The Long Thaw

by Bryan Walker on January 24, 2009

The Long Thaw: How Humans Are Changing the Next 100,000 Years of Earth's Climate

The legacy of our release of fossil fuel CO2 to the atmosphere will be long-lasting. It will affect the Earth’s climate for millenia. We are becoming players in geologic time. That is the conclusion that climatologist David Archer shares with a general audience in his newly published book The Long Thaw: How Humans Are Changing the Next 100,000 Years of Earth’s Climate.

The author is a professor in the Department of The Geophysical Sciences at the University of Chicago and a contributing editor at Real Climate. His book is relaxed in style, almost conversational sometimes, repetitive on occasion, but nevertheless closely focused and packed with instructive detail. It was a pleasure for a non-scientist like me to read. He seems to understand how to illuminate processes for the general reader. For example, his chapter on the distribution of carbon in the atmosphere, the land and the ocean, and his explanation of the interactions between them in the carbon cycle, provided angles and information that pulled together satisfyingly the bits and pieces of my hesitant understanding.   Similarly what he writes about the acidifying of the ocean by CO2 and the part calcium carbonate plays in slowly neutralising its effect is a model of lucidity.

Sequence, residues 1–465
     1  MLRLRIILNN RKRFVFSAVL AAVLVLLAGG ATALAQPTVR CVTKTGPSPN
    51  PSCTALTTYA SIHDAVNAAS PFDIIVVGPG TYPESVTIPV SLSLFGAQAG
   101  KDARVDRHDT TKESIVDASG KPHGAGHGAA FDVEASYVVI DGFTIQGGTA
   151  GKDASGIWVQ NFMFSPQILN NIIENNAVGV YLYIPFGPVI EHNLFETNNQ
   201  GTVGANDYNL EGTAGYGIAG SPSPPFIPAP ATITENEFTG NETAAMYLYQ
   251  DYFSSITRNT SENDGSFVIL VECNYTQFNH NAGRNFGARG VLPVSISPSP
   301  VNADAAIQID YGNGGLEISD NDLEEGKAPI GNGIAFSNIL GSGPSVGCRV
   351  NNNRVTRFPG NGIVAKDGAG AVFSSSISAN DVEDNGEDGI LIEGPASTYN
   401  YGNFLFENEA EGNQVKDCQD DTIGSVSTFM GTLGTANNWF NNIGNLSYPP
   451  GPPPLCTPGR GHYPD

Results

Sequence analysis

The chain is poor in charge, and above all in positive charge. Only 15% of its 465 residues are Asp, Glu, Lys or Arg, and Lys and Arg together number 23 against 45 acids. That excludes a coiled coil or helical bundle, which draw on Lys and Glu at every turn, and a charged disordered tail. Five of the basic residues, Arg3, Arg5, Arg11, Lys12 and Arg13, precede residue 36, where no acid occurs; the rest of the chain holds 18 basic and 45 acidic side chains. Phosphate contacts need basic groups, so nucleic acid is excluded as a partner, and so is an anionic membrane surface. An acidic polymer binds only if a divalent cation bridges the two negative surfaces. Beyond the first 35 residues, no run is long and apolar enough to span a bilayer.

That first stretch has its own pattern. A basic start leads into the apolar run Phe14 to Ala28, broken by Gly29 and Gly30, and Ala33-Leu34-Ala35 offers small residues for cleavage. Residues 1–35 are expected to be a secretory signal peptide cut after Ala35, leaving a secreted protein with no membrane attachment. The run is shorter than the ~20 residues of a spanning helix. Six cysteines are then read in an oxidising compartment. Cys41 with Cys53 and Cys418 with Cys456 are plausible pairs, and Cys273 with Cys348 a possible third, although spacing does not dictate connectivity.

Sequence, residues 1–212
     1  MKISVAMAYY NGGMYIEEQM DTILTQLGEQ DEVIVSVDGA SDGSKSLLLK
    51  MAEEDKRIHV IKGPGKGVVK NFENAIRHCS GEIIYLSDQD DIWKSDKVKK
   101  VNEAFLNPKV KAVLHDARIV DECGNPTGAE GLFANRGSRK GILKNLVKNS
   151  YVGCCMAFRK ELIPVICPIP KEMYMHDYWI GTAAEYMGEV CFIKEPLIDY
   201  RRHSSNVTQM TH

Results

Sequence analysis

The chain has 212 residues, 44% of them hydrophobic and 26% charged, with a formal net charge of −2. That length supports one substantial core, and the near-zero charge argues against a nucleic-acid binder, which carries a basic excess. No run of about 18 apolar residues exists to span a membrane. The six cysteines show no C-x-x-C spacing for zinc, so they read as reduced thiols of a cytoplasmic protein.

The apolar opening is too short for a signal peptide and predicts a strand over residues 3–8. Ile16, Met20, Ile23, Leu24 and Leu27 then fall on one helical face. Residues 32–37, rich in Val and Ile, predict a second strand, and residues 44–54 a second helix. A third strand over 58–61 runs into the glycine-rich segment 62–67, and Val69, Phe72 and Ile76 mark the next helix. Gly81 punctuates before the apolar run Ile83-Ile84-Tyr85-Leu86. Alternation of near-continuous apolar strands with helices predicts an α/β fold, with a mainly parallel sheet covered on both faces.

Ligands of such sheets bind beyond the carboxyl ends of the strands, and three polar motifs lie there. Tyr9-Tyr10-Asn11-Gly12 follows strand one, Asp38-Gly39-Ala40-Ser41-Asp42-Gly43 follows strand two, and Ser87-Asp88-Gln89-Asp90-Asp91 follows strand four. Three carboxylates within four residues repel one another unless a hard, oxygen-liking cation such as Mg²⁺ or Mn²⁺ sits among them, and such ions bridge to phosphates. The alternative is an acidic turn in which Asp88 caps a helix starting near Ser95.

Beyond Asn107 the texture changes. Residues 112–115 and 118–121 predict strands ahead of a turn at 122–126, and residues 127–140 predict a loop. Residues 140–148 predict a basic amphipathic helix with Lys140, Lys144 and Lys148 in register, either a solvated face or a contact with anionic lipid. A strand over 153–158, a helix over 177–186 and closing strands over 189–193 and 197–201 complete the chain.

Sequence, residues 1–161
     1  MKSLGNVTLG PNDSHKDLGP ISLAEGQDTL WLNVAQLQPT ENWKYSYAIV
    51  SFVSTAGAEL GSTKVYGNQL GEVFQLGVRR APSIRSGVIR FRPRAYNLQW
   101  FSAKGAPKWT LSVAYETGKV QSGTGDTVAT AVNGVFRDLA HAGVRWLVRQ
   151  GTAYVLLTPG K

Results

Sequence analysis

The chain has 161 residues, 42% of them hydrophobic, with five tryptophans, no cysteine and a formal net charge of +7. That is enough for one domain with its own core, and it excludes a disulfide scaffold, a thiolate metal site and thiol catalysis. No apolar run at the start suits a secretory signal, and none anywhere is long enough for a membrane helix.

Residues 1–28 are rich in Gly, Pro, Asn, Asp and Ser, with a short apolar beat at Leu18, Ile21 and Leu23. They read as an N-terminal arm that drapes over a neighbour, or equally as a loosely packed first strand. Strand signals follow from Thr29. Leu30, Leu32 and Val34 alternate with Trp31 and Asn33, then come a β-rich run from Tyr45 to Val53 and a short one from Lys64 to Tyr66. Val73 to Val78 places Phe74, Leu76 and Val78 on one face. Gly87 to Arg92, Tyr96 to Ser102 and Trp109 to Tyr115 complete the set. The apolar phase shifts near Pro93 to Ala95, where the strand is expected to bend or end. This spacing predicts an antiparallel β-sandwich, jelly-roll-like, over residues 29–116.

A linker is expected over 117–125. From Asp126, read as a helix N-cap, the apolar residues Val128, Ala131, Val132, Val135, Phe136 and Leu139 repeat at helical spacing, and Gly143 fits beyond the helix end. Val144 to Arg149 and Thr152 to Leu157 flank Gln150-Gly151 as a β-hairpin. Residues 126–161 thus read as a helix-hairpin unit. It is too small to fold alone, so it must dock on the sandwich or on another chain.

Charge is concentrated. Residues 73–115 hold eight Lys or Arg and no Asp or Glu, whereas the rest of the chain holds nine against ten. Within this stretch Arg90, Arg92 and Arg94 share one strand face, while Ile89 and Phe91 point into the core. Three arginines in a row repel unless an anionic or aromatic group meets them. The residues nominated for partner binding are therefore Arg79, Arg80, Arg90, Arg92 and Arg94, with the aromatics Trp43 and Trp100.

The book’s structure is simple.  There are three sections.  The first describes the situation we are in right now – meaning the 20th and 21st centuries.  The second section is about the past, investigated as a forecast for the future.  The final section looks into the deep future.

Archer produces no surprises about our current situation.  The basic physics of the greenhouse effect – that gases in the atmosphere that absorb infrared radiation could eventually warm up the surface of the earth – was described in 1827 by the French mathematician Fourier. Then in 1896 Swedish chemist Arrhenius estimated the amount of warming that the Earth would undergo on average from a doubling of the atmospheric CO2 concentration – what we now call the climate sensitivity. Such work sets the scene for the climate science which has exploded in the past few decades as global warming grew from a prediction into an observation.    He describes many aspects of our current understanding of global warming, with several particularly helpful sequences, such as that on the relative strengths of four external agents of climate change called climate forcings – greenhouse gases, sulfur from burning coal, volcanic eruptions, changes in intensity of the sun. The warming that is occurring cannot be explained by natural forcings.  Looking ahead in the present century he is very aware that sea level rise by 2100 may well be higher than predicted by the IPCC, as it begins to appear that the ice models used to forecast may be too sluggish to predict the behaviour of real ice.